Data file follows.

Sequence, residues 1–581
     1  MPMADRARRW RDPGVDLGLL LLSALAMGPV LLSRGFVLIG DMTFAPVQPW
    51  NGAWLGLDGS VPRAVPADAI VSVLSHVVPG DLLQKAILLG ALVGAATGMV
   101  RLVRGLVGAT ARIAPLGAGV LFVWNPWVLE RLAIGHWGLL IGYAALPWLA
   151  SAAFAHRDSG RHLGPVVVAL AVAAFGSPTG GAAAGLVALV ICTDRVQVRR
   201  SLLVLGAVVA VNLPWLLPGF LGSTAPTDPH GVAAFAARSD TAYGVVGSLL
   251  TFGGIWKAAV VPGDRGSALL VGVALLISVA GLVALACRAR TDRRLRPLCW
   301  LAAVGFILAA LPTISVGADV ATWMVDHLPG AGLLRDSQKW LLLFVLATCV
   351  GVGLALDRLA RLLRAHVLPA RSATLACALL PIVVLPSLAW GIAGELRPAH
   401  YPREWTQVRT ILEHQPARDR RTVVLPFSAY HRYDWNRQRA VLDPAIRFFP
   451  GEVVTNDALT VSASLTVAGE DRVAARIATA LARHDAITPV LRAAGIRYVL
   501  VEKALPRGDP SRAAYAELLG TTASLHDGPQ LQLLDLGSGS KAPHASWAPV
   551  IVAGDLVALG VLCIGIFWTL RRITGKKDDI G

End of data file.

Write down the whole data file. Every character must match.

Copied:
Sequence, residues 1–581
     1  MPMADRARRW RDPGVDLGLL LLSALAMGPV LLSRGFVLIG DMTFAPVQPW
    51  NGAWLGLDGS VPRAVPADAI VSVLSHVVPG DLLQKAILLG ALVGAATGMV
   101  RLVRGLVGAT ARIAPLGAGV LFVWNPWVLE RLAIGHWGLL IGYAALPWLA
   151  SAAFAHRDSG RHLGPVVVAL AVAAFGSPTG GAAAGLVALV ICTDRVQVRR
   201  SLLVLGAVVA VNLPWLLPGF LGSTAPTDPH GVAAFAARSD TAYGVVGSLL
   251  TFGGIWKAAV VPGDRGSALL VGVALLISVA GLVALACRAR TDRRLRPLCW
   301  LAAVGFILAA LPTISVGADV ATWMVDHLPG AGLLRDSQKW LLLFVLATCV
   351  GVGLALDRLA RLLRAHVLPA RSATLACALL PIVVLPSLAW GIAGELRPAH
   401  YPREWTQVRT ILEHQPARDR RTVVLPFSAY HRYDWNRQRA VLDPAIRFFP
   451  GEVVTNDALT VSASLTVAGE DRVAARIATA LARHDAITPV LRAAGIRYVL
   501  VEKALPRGDP SRAAYAELLG TTASLHDGPQ LQLLDLGSGS KAPHASWAPV
   551  IVAGDLVALG VLCIGIFWTL RRITGKKDDI G